U.S. Demographic Shift Has Consequences for Social Security

As U.S. transitions to majority-majority population, policymakers must consider how communities of color use the program

WASHINGTON – In response to a U.S. Census report that more than half of our nation’s population under the age of one are Latino, African-American, Asian American or other minorities, the Commission to Modernize Social Security says that as the United States transitions to a “majority-minority” population, any changes to Social Security must consider the impact on workers and families of color who are more vulnerable to economic instability and far less likely to have generational wealth than white families. It also argues that the program can be modernized to remain sustainable and improved to meet the needs of an increasingly diverse and economically insecure workforce. Continue reading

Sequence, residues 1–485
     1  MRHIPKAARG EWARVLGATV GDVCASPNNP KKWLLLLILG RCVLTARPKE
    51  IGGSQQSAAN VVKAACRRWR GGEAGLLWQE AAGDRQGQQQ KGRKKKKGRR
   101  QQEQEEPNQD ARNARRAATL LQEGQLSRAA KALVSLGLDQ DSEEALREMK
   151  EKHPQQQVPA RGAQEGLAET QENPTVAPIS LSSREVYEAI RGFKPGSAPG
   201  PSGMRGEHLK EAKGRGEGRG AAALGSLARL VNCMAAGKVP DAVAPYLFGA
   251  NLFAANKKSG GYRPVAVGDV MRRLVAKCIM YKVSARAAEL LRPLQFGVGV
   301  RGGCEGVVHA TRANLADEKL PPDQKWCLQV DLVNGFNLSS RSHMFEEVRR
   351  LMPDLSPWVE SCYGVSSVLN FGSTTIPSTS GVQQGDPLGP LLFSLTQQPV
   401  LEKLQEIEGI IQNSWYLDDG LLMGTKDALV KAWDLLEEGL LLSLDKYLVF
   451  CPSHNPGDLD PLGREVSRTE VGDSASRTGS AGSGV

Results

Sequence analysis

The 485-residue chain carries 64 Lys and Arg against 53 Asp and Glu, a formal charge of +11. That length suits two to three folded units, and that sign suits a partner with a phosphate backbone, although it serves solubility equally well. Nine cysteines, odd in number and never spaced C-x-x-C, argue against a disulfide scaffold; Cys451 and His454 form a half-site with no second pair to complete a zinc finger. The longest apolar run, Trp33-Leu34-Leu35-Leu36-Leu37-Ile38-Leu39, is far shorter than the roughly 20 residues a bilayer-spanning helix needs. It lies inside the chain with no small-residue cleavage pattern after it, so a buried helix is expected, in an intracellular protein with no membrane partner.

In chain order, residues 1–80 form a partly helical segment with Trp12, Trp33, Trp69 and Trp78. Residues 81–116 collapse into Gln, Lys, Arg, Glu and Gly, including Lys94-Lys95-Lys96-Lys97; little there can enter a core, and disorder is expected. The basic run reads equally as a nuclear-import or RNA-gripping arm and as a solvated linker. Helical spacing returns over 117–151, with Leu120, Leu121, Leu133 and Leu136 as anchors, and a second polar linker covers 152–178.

Leticia Miranda of the National Council of La Raza

Leticia Miranda, Associate Director of Economic and Employment Policy at the National Council of La Raza, speaks about the importance of social security for Latino communities, especially for retired beneficiaries and migrant communities at a Capitol Hill briefing titled “What’s at Stake? Proposed Deficit Reduction Measures Affecting Social Security, Medicare, and Medicaid and the Impact on Communities of Color.”